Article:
Stevens Duryea Inc stock certificate 1920
Rare collectible automotive piece with a nice under print of the company logo. Issued and not cancelled. Small ink stain to the lower right. Blank at the lower left for company seal that were never added. Dated in the 1920.
Stevens-Duryea was an American manufacturer of automobiles in Chicopee Falls, Massachusetts between 1901 and 1915 and 1919 to 1927.
The company was founded after a falling-out between J. Frank Duryea and his brother Charles in 1898. In 1900 Frank went on to form Hampden Automobile and Launch Company where he developed a new automobile and looked for a manufacturer to produce it. J. Stevens Arms and Tool Company who were about to enter the developing car business, entered into a partnership with Frank and took over the factory of steam car and bicycle maker Overman.
Stevens-Duryea's first product was a two-cylinder, 5 hp Runabout that sold for $1,200.00 in 1901. No production numbers are known for 1901 but the firm produced 61 cars in 1902 and 483 in 1903. By 1904 the runabout, a tube chassis 6 hp (4.5 kW) flat twin buggy runabout Victoria, was called the Model L. It had a flat-mounted water-cooled straight twin, situated amidships of the car, four speed gearbox (three forward, one reverse), wire wheels, full-elliptic springs, and tiller steering. Weighing 1300 lb, it sold at US$1300. This would be imported to Britain by Joseph Baker, but would not succeed there; in the U.S., it would survive several years. It was joined in 1905 by the US$2500 Model R, an aluminum-bodied, five-seat, 20 hp four with three-speed gearbox and live axle.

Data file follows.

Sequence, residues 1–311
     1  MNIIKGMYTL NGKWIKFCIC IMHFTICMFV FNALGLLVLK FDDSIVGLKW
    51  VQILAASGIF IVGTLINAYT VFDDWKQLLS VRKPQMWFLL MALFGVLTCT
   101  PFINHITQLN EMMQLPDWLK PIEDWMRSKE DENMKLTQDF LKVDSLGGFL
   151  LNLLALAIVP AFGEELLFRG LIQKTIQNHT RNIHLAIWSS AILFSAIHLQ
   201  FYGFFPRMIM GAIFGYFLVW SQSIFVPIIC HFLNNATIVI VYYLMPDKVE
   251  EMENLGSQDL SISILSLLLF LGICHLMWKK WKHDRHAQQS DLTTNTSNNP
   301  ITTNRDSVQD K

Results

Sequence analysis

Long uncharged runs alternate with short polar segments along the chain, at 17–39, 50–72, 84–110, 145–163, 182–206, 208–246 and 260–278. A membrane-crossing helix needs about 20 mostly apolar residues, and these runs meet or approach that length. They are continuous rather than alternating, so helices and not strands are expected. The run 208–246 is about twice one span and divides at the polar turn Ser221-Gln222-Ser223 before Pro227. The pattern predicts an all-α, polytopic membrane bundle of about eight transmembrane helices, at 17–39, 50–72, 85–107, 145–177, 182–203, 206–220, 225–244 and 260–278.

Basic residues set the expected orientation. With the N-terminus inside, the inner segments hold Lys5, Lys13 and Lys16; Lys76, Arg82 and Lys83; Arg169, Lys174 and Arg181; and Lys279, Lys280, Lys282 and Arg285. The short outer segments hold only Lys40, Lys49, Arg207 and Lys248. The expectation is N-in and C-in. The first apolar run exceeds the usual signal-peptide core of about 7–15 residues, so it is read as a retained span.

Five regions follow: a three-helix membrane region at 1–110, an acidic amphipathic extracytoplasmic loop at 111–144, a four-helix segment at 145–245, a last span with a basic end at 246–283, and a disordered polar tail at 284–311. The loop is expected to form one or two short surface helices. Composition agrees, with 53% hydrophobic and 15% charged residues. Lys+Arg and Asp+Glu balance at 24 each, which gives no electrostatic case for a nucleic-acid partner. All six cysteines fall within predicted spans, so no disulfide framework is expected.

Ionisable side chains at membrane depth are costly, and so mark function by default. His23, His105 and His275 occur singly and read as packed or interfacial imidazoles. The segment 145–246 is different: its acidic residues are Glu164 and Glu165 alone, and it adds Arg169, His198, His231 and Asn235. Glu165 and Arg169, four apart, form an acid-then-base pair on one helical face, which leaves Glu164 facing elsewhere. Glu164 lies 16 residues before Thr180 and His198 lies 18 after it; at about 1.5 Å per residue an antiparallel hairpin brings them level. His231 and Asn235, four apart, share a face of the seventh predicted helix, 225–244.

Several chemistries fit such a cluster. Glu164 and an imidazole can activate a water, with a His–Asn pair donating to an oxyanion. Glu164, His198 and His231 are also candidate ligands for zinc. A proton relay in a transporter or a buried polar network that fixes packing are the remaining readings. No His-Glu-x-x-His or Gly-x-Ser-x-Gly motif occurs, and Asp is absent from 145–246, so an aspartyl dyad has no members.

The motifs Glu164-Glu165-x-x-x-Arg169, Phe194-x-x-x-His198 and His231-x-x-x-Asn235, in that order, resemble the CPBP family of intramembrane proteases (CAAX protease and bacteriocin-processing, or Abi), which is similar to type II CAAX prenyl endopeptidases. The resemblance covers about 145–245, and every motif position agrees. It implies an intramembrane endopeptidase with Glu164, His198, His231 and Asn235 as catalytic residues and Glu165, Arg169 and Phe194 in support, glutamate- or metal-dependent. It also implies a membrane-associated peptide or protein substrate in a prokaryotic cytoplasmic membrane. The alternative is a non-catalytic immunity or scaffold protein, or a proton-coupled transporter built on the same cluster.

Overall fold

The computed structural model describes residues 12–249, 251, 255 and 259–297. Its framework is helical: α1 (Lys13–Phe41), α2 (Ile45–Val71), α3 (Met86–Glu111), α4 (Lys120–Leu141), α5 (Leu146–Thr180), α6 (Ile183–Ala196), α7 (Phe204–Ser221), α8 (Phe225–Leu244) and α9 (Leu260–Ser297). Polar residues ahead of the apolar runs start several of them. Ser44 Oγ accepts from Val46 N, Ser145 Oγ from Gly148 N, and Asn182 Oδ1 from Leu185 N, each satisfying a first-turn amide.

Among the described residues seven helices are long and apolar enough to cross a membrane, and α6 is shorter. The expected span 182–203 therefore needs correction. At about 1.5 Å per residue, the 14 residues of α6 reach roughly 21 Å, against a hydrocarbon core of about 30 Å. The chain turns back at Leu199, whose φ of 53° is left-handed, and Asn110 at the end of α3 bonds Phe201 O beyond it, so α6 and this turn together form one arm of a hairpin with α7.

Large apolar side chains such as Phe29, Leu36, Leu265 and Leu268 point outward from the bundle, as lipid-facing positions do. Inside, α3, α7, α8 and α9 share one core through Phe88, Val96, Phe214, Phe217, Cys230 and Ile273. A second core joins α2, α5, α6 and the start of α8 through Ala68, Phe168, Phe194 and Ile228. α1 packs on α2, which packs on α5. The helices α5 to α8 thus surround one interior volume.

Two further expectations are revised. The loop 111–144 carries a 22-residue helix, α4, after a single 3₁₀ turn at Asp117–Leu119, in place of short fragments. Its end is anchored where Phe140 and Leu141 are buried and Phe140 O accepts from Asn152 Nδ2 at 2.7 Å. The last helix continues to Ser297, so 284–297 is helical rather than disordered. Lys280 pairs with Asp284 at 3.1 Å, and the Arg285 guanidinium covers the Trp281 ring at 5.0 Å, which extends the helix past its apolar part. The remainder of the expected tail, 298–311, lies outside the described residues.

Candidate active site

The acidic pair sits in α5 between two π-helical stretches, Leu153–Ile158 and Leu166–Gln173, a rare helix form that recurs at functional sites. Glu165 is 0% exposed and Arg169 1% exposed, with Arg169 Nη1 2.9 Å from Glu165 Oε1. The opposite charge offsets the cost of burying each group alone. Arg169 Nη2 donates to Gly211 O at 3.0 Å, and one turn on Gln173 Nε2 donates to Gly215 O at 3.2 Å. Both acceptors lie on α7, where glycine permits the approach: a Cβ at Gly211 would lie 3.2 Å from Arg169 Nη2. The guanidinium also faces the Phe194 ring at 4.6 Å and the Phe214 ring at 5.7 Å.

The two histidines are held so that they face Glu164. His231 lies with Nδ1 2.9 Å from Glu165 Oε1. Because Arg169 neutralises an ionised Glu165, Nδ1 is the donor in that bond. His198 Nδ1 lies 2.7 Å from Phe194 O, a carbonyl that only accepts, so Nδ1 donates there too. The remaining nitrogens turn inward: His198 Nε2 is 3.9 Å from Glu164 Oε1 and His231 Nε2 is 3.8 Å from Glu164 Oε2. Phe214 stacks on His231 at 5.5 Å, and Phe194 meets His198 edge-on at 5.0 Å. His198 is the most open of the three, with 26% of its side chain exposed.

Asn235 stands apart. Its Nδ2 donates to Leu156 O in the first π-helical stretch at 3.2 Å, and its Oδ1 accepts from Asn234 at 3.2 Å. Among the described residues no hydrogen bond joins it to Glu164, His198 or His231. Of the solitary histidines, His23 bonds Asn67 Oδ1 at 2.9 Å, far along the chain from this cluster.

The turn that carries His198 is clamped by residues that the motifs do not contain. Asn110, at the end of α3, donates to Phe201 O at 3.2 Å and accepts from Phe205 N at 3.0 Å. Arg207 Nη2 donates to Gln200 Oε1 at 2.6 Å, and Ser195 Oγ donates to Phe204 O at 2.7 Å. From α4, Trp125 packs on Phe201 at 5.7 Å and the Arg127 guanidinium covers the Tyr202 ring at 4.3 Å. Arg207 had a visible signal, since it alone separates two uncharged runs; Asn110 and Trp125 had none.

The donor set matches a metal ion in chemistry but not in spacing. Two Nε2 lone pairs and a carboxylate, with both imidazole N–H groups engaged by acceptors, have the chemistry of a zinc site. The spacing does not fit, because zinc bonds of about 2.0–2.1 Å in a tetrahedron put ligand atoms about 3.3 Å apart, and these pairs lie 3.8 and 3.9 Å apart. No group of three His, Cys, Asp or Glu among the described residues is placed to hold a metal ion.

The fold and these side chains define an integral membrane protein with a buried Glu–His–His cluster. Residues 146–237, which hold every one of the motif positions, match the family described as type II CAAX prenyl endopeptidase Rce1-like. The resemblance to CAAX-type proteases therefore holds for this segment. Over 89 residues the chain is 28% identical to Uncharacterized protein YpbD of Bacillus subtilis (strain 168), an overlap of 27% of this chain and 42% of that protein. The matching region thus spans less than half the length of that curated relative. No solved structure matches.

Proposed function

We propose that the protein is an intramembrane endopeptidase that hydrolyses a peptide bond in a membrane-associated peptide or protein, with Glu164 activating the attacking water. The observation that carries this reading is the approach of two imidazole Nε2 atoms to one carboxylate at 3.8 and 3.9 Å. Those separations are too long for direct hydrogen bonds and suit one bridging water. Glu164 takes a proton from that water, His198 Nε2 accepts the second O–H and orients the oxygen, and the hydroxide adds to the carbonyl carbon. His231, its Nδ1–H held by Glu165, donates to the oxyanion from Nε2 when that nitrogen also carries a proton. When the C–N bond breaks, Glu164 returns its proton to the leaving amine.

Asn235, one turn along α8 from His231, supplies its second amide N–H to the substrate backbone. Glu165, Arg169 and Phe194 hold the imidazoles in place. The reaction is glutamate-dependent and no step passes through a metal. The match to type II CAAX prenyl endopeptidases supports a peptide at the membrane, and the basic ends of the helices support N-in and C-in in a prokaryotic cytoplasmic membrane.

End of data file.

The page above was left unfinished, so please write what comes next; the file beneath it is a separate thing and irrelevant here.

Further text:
The model line grew in 1906, adding a US$2400 runabout and a US$3300 limousine. There was also the new Big Six, with a 9.6 liter six cylinder motor, seven-seater tulipwood body, weighing 2900lbs, at US$5000. In 1907, both the L and R were dropped, and Stevens-Duryea focused on sixes. Yet the company was hampered by the shortage of skilled labor; only some fifty units were sold in 1904, and maximum production did not exceed 100 a year.
The 1915 Model D was the company's last new design, an 80 hp 472ci six. It was this year Frank Duryea sold out; production stopped in 1915 because of financial problems and the plant was sold to New England Westinghouse Company. Several former employees bought the name and goodwill and in 1919 restarted production of the D as the Model E, at a stratospheric US$9500.
This did not improve the company's prospects, and it was purchased by Ray Owen (of Owen Magnetic) in 1923 to produce gas and electric cars under the Rauch and Lang brand, in a factory next to the Stevens-Duryea factory. A new model Stevens-Duryea was announced, the Model G, but this was basically the same as the Model E. After only 28 cars were sold in 1924, manufacture of the Model G continued on an orders received basis until 1927.